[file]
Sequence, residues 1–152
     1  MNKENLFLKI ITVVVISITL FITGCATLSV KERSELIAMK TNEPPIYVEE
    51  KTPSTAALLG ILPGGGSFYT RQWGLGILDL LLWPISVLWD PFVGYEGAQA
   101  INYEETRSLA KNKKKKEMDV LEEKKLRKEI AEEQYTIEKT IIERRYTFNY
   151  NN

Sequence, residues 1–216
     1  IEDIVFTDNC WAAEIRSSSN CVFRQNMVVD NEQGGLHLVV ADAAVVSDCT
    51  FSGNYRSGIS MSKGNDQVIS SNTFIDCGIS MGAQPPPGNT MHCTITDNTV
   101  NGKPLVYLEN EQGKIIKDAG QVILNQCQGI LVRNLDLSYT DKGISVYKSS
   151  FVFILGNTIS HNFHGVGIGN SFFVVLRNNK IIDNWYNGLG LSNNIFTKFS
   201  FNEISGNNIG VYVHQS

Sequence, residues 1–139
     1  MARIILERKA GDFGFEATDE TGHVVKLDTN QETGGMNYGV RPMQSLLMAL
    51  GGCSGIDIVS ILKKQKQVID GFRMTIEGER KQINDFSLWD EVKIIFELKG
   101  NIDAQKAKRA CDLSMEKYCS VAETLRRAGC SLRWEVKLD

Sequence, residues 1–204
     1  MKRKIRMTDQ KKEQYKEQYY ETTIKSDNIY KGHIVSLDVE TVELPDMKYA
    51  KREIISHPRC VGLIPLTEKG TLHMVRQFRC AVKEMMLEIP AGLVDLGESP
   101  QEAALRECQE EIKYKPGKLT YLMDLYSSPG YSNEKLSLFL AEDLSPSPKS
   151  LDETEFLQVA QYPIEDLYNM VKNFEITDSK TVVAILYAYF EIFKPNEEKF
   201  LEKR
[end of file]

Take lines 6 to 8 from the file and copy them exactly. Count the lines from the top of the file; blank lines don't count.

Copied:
Sequence, residues 1–216
     1  IEDIVFTDNC WAAEIRSSSN CVFRQNMVVD NEQGGLHLVV ADAAVVSDCT
    51  FSGNYRSGIS MSKGNDQVIS SNTFIDCGIS MGAQPPPGNT MHCTITDNTV